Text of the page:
As the result of a little-noticed amendment contained in 2010's Patient Protection and Affordable Care Act, the federal Fair Labor Standards Act’s Section 7(r)now requires covered employers to give unpaid break time to a worker for the purpose of expressing breast milk for her nursing child. This obligation extends for a year after the child’s birth, and under it the employer must:
- Provide a suitable location for the break (other than a bathroom) that is shielded from view and is free from intrusion by co-workers or the public,
- Allow a break that is long enough to be “reasonable” under the circumstances, and
- Permit a break each time the employee “has need” to express milk.
What Does It All Really Mean?
To some extent, meeting these requirements as to a particular employee calls for individualized evaluation. For instance, a “reasonable” break’s duration will depend on factors such as how much time it takes the employee to express the milk (the Labor Department anticipates 15 to 20 minutes), how long it takes her to walk to and from the break location, the amount of time she must devote to setting up for and expressing the milk and the time necessary for cleaning-up and for storing the milk.
Where the number and frequency of breaks are concerned, the employer should take into account a variety of considerations such as the baby’s age as this relates to the child’s feeding needs, the number of feedings/nursings in the baby’s normal daily schedule and whether the baby is eating solid food.The Labor Department opines that the number of breaks would “typically” be two or three during an eight-hour shift and possibly more for a longer shift.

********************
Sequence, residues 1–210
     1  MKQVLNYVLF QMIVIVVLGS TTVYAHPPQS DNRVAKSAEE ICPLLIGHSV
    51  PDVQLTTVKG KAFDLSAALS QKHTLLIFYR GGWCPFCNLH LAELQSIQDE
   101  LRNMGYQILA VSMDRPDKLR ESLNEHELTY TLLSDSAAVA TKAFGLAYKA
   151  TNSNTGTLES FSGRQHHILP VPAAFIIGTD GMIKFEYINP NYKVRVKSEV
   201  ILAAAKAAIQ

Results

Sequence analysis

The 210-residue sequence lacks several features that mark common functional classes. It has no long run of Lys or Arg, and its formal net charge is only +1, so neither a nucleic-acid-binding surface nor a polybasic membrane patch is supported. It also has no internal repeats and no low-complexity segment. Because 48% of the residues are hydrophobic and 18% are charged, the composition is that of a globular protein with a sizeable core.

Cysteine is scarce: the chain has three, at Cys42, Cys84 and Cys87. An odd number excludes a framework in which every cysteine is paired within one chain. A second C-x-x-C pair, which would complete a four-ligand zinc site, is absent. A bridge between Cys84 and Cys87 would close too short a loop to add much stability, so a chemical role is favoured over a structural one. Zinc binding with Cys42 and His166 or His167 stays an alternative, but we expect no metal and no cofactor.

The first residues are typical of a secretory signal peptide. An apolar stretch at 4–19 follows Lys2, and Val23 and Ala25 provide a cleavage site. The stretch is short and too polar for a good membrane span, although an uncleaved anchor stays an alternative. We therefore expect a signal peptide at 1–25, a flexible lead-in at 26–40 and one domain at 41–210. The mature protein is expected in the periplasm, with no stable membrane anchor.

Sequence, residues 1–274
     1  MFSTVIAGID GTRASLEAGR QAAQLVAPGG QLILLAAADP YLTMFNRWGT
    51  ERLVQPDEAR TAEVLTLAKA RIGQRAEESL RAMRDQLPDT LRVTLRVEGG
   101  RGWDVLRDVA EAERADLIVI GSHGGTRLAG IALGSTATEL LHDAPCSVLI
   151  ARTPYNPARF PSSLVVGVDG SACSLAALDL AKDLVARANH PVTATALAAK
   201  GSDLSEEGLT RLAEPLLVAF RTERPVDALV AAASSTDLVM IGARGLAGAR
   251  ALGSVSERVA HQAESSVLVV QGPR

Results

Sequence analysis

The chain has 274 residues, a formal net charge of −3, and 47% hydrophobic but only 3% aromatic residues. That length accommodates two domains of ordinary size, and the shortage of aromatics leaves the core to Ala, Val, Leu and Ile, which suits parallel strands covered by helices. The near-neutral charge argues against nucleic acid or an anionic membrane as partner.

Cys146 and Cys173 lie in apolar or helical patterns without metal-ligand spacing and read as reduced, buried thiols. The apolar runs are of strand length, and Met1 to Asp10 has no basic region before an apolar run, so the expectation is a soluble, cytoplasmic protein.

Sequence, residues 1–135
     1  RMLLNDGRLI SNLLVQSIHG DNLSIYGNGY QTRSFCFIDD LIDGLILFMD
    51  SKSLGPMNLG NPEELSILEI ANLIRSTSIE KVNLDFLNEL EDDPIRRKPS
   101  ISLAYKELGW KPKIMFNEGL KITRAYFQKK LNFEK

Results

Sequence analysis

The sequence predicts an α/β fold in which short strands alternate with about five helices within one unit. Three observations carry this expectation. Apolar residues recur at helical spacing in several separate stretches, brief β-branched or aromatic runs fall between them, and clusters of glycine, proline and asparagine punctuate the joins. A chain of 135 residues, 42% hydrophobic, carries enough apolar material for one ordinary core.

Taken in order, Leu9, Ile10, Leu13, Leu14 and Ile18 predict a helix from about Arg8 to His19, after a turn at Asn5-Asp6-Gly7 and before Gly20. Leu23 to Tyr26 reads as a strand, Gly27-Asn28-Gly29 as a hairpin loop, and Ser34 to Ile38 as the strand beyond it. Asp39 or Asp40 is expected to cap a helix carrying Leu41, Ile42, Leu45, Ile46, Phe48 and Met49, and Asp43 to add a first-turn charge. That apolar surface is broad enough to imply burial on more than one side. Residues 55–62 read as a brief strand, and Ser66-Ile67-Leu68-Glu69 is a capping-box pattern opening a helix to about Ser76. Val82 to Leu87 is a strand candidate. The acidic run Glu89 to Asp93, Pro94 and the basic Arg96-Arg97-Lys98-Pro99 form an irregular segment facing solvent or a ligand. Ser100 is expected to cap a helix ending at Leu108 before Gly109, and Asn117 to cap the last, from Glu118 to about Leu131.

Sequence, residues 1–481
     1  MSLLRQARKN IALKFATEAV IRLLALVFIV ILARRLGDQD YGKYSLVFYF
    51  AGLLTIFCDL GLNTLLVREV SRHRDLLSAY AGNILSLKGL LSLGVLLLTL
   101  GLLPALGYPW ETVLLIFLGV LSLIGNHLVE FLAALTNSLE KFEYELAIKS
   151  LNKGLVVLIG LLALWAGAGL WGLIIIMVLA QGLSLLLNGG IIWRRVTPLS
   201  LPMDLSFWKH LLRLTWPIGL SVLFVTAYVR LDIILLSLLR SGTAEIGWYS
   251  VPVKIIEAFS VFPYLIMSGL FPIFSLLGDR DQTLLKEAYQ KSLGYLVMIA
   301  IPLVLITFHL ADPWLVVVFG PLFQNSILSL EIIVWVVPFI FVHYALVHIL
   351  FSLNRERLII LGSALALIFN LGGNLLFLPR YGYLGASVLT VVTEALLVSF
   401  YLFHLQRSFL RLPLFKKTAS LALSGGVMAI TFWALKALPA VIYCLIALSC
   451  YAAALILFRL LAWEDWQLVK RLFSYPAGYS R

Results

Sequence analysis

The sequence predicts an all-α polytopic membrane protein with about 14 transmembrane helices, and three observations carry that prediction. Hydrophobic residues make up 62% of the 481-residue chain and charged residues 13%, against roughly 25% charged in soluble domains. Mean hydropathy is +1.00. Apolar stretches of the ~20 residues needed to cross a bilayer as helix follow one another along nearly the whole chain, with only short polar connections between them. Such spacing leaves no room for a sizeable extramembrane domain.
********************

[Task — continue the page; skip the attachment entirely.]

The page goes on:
How Is The Requirement Enforced?
Section 7(r) itself says nothing about enforcement. Even so, employee complaints could provoke an investigation by the Labor Department, to a Labor Department lawsuit for court-ordered compliance, and to Labor Department-imposed civil penalties of up to $1,100 for each willful or repeated violation.
And the Labor Department has been active. Earlier this year, officials disclosed that there have been at least 54 Section 7(r) investigations, and that the government found one or more violations in 36 of them. The Labor Department said that 29 of the violations involved a failure to provide space, while several others arose from not providing break time.In all cases in which there were violations, the Labor Department required the employers to agree to future compliance and to provide appropriate remedies for any employee losses resulting from unlawful conduct.
The Time To Plan Is Now
Prudent employers will consider right away how they plan to respond when Section 7(r)’s requirements come into play. Among other things, who will be responsible for handling the situation, and how will that person learn of the need for the breaks? What suitable location(s) will be made available? What information will management need to evaluate the break’s appropriate parameters, and how and by whom will this information be gathered? What unusual or unique circumstances should be evaluated in advance, rather than under the time-pressure of an employee’s request?
Many states also require these kinds of breaks. Section 7(r) does not override those laws to the extent that they are more favorable to the employee than the FLSA is. Any nursing-mother policy must also take the applicable requirements of these other jurisdictions into account.
This article first appeared March 11, 2013 in Corporate Compliance Insights.